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IRS Debt Settlement

The IRS (Internal Revenue Service) is the federal agency responsible for collecting taxes in the United States. If you owe money to the IRS and are unable to pay it in full, you may be able to negotiate a debt settlement to pay a reduced amount or to set up a payment plan.

Here are some options for settling IRS debt:

  1. Offer in Compromise: This is a negotiated settlement in which the IRS agrees to accept less than the full amount of the debt. To be eligible for an Offer in Compromise, you must be able to show that you cannot pay the full amount of your debt and that paying a reduced amount would be fair based on your ability to pay and your unique financial circumstances.

  2. Payment plan (Installment Agreement): If you cannot pay your debt in full but can make monthly payments, you may be able to set up a payment plan with the IRS. The terms of the payment plan will depend on your ability to pay and the amount of your debt.

  3. Currently not Collectible status: If you cannot pay your debt and do not have any assets that the IRS can seize, you may be able to have your debt placed in "Currently not Collectible" status. This means that the IRS will not take any action to collect the debt while you are in this status, but the debt will still be owed and interest will continue to accrue.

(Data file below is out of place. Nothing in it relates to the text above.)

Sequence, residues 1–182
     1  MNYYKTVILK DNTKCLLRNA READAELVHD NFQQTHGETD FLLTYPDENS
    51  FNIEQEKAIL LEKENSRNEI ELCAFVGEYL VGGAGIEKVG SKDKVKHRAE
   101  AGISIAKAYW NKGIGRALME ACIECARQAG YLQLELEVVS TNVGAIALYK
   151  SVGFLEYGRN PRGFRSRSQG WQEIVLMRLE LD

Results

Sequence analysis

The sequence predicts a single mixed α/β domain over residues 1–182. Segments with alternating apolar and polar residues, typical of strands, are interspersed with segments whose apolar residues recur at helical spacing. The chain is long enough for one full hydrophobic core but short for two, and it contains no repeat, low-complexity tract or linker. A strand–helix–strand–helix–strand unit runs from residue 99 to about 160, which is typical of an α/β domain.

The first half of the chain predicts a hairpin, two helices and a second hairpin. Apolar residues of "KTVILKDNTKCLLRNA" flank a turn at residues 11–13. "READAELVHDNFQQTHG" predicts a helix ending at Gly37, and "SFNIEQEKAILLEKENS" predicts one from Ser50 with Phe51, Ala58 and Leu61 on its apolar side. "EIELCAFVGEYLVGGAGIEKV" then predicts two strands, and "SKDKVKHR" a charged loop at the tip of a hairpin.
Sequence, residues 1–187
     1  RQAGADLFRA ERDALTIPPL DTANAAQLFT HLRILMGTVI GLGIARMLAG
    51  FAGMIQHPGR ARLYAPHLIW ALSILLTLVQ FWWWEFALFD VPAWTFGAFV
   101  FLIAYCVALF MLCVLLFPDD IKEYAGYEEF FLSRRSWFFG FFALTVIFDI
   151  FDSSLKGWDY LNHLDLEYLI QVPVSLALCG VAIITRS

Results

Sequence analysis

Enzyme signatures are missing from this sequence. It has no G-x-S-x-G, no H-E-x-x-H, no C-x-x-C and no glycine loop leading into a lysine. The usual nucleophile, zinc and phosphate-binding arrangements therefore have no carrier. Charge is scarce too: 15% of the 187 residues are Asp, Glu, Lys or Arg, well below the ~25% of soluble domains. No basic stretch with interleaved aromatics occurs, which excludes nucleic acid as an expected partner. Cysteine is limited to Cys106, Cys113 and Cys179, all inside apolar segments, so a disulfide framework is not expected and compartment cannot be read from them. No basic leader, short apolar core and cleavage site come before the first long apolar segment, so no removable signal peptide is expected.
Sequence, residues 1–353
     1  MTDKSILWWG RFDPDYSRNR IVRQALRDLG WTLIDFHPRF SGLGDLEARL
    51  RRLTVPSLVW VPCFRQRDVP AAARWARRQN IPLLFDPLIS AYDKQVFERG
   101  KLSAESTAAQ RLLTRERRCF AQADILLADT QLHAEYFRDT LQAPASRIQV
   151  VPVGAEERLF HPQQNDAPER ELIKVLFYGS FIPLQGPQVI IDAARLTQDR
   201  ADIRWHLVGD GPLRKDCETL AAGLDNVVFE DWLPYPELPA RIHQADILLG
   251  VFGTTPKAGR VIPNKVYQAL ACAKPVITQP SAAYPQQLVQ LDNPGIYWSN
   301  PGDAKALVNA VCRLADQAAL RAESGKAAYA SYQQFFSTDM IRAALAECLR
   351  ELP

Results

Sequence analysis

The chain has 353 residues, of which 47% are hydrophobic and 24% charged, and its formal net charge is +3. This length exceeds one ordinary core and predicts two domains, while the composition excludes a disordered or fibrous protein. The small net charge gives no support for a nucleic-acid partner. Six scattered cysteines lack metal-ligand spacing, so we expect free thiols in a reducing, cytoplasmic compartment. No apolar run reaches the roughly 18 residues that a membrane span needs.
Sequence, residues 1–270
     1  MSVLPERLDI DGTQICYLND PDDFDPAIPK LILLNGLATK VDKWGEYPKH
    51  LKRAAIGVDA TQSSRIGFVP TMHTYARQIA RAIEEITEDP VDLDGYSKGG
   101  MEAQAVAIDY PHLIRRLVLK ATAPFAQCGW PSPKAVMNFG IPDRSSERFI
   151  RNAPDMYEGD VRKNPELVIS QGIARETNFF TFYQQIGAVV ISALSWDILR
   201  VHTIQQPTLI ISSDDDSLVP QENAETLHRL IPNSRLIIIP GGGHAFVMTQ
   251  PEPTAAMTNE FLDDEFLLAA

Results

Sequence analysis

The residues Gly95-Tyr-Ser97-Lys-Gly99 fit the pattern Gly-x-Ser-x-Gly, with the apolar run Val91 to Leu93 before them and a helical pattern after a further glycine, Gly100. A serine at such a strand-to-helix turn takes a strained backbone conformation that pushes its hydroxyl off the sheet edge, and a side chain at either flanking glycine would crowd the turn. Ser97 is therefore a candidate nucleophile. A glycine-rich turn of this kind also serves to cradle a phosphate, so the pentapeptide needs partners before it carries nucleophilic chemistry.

It is important to note that if you owe money to the IRS, it is in your best interest to try to resolve the debt as soon as possible to avoid additional penalties and interest. If you are unable to pay your tax debt, it is a good idea to contact the IRS to discuss your options for settling the debt.

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